Those running for governor in Ohio each have the same message for voters: I can relate to you.
Just check out the polished videos on their YouTube channels. Jim Renacci cruises around on a Harley. Connie Pillich talks patriotism on the streets of Cincinnati. Jon Husted handles guns in his hometown. And Nan Whaley sits on the front porch, talking about seeing everyday struggles.
Voters will ultimately decide which candidate they most relate to — or trust as the state’s CEO — but this newspaper’s examination of the candidates’ financial holdings and investments shows most of them have little in common with the income levels of the vast majority of Ohioans.
Renacci, now in his fourth term in Congress, is a self-made multi-millionaire who owns several companies.
Attorney General Mike DeWine, who has said he will run for governor but has not officially declared his candidacy, is part owner of three companies that in turn own nearly 1,000 acres of farm land, stocks and a minor league baseball team, The Asheville Tourists. His countryside home and guest house are worth a little over half a million dollars.
Lt. Gov. Mary Taylor’s disclosure form lists 43 businesses owned by her husband, Donzell Taylor, a successful builder. Their house is valued at $483,820.
Husted, the Secretary of State, joked recently that he was the poorest of the four Republicans in the race. He lives in a upscale Columbus suburb in a 2,800-square-foot house worth $449,200.
Each of the likely candidates vying to be Ohio’s 70th governor — four Democrats and four Republicans — has held public office in Ohio, which means they are required to file financial disclosure statements.
The data available now makes it impossible to see an apples to apples comparison on each of the eight because they file different forms with different agencies and at different times.
For example, Renacci, a Republican, and former U.S. Rep. Betty Sutton, one of the Democrats running, have disclosures on file with the U.S. House, but Sutton hasn’t had to file since 2013. Likewise with Democratic candidates Pillich, a former Ohio House member; and state Sen. Joe Schiavoni. The Ohio Joint Legislative Ethics Committee has filings from both, but Schiavoni’s is more current. State officeholders like Husted and DeWine and Dayton Mayor Whaley file their disclosure statements with the Ohio Ethics Commission.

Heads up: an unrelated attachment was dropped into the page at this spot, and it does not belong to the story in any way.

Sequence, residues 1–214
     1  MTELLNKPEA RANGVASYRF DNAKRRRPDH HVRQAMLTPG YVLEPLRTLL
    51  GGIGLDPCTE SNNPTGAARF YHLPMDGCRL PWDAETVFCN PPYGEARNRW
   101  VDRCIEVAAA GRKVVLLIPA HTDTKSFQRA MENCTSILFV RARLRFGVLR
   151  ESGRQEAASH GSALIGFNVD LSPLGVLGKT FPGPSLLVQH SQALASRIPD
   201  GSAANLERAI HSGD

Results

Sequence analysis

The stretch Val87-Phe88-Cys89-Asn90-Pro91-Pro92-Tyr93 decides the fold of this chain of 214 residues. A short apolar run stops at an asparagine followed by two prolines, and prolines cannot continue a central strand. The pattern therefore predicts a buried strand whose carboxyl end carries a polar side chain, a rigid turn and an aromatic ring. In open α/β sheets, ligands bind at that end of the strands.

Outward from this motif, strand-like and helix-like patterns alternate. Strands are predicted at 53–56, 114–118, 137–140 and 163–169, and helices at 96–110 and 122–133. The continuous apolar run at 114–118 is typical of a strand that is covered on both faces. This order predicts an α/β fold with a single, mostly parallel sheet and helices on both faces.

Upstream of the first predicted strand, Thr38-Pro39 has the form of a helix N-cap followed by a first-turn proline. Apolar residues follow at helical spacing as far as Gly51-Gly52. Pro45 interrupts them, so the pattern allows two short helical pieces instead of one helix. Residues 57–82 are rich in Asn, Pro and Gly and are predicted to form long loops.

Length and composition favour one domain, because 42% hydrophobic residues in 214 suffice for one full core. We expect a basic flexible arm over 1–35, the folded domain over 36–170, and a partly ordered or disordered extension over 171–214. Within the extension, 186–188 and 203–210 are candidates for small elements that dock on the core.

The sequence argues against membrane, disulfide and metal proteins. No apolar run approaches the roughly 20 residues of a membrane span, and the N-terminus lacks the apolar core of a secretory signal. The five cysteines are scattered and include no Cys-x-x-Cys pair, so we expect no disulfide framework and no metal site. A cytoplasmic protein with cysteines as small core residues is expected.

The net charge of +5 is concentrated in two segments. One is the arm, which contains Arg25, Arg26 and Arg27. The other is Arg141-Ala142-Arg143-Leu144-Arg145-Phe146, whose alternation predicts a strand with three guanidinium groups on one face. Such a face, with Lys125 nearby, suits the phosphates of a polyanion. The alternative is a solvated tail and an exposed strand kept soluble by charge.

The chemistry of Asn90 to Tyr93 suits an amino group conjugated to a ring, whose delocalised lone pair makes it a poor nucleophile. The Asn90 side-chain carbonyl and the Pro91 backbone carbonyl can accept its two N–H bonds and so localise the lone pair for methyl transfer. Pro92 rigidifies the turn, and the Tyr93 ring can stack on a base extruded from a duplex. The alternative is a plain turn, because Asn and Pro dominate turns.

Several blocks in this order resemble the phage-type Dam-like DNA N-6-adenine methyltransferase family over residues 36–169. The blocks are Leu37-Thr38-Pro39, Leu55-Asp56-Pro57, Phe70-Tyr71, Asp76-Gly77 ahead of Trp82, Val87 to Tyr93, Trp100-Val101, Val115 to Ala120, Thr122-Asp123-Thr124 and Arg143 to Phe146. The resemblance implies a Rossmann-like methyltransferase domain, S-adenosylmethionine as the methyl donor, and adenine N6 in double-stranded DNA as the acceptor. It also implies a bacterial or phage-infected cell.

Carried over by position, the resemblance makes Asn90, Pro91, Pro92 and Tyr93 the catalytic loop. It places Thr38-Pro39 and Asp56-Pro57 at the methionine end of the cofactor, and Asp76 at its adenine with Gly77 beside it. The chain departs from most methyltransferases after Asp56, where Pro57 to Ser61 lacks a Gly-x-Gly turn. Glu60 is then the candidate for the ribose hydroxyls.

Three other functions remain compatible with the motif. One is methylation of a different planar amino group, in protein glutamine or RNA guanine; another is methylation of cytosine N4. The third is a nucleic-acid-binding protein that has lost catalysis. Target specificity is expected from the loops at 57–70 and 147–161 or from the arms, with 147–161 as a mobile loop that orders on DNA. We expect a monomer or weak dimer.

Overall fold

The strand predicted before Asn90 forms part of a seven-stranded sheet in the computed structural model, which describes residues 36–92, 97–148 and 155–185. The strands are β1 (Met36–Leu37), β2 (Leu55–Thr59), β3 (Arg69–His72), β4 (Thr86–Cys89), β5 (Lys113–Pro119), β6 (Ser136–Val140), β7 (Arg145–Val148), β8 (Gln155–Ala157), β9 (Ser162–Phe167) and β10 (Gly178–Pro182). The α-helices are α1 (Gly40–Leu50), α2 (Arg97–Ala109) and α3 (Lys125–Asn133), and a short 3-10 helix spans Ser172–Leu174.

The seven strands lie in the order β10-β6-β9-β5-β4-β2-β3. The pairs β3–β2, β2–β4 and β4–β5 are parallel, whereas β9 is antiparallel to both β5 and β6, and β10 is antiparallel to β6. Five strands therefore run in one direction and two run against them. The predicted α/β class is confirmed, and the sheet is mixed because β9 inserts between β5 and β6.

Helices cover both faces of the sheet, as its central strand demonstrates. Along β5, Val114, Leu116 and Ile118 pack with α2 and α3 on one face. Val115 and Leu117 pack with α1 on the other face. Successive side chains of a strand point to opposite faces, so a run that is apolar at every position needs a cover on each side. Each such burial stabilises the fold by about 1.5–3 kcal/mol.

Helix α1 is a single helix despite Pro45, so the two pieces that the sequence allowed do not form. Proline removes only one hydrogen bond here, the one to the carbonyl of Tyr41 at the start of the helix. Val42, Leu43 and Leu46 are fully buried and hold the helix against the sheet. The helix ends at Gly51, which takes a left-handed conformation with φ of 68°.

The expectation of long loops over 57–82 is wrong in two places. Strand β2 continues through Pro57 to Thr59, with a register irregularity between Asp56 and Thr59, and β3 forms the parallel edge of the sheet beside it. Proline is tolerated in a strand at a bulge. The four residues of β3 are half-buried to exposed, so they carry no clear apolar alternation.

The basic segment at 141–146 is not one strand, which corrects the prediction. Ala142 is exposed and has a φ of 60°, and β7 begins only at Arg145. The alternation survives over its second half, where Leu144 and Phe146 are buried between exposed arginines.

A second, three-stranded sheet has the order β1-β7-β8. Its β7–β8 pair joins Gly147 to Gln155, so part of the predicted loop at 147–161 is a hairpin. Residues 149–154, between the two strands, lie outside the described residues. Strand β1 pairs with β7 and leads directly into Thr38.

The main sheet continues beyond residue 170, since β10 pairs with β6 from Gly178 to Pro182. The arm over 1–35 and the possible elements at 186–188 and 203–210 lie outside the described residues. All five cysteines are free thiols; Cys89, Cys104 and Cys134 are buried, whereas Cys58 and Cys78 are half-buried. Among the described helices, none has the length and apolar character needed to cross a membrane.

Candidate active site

Though imperfect, the data — required to reveal possible conflicts of interest — give a sense of how wealthy the candidates are and the types of investments they have.
Schiavoni reported that in addition to his $91,000 state pay, he earned between $50,000 and $100,000 at his law firm. His investments include a 401k, his public pension fund, college savings for his two children and a stock fund. His house is worth $143,700.
Pillich, who last reported her 2014 finances, received the bulk of her income from her state representative job but also pulled in at least $30,000 from capital gains and rental income. Her portfolio included her public pension fund, college savings for her two children and mutual funds. She and her husband own a house worth $316,860.
Sutton made $155,500 last year as administrator for a federal agency overseeing the St. Lawrence Seaway. Her 2013 financial disclosure filed with the U.S. House showed 22 investments and assets worth up to $645,000 and liabilities of up to $250,000. The county auditor’s website lists her house value at $314,110.